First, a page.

Inheritance Tax (IHT) was formerly known as Capital Transfer Tax. It is worth knowing that the capital gains tax (CGT) liability on an asset is usually extinguished on death and the beneficiary inheriting the asset is deemed to acquire the asset at probate value.
This can lead to a dilemma where assets with substantial capital gains (second property, share portfolios etc) would incur capital gains tax on the gifting or sale of the asset whilst alive but then also be subject to inheritance tax if the total value of the Estate is above the inheritance tax threshold.
In the past, this may have led to a “let sleeping dogs lie” approach as there is a risk of triggering the capital gains liability on the profit and also suffering inheritance tax on the full capital value of the proceeds by then not surviving seven years from making the gift.
For instance, a parent gifting a £500,000 share portfolio with paper capital gains of £200,000 would have incurred capital gains tax of £80,000 (if charged at the 2007/8 CGT rate of 40%) and if death had occurred within seven years, up to £200,000 of inheritance tax would also have been payable.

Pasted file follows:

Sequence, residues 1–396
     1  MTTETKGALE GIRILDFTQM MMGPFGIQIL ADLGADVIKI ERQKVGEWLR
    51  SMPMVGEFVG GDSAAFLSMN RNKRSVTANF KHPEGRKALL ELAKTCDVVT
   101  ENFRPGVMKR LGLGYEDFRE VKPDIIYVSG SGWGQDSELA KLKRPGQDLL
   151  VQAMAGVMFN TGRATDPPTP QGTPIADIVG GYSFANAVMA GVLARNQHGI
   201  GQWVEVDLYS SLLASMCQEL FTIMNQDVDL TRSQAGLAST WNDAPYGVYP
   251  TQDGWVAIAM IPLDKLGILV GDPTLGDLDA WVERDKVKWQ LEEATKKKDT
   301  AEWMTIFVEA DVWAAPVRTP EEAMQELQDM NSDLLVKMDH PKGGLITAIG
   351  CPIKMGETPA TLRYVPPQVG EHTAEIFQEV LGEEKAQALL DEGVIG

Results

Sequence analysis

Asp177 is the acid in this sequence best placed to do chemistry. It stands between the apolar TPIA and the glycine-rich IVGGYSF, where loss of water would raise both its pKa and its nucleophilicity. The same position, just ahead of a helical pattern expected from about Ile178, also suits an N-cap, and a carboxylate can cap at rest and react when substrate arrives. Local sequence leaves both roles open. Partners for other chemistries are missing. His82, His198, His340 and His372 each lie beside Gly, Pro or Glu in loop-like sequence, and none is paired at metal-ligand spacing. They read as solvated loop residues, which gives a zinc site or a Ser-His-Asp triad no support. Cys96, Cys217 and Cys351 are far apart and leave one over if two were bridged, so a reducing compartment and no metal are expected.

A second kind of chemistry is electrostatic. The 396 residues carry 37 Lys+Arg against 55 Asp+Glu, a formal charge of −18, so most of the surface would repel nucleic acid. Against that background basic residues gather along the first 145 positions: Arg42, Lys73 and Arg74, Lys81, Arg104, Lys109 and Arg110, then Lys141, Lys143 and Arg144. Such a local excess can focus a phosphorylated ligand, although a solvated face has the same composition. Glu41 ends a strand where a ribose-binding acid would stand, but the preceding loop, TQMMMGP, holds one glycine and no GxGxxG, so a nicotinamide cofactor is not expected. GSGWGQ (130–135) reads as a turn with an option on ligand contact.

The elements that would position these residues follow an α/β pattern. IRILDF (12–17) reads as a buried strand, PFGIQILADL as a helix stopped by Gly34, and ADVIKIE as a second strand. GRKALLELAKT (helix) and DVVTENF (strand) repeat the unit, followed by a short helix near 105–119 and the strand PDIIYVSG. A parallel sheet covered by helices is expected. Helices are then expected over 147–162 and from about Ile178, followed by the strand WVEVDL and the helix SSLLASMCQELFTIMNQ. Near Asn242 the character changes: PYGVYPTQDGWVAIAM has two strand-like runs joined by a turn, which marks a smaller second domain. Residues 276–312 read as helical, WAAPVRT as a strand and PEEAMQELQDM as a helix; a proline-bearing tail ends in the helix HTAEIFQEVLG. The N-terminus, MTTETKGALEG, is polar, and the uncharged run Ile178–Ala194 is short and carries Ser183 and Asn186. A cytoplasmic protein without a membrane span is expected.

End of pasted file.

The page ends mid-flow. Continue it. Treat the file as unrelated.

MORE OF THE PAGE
However, as of 6 April 2016, the difference between the highest rate of capital gains tax (now 20% on shares, but still 28% on residential property) and inheritance tax (still at 40%) is almost as wide as it has ever been, reducing the cost of this potential double tax hit and perhaps offering more incentive to undertake lifetime planning to legitimately avoid inheritance tax using outright Gifts, Gifts to Trusts or considering investments which qualify for business relief, the latter only having a two year qualification window.
Alternatively, where total family assets will lie within the expanded IHT allowance brought about by the residence nil rate band – this effectively increases the assets a married couple/those in a civil partnership can leave to their direct descendants to £850,000 from 6th April (gradually increasing to £1m by 2020/21 although the allowance is tapered away where estates are worth above £2m) – it may still be appropriate to plan to plan for the capital gain to be washed away via the probate process.
Autonomy Wealth View: as always, it is important to take an approach to inheritance tax issues that takes full account of individual circumstances and priorities and if possible to involve the whole family in discussions.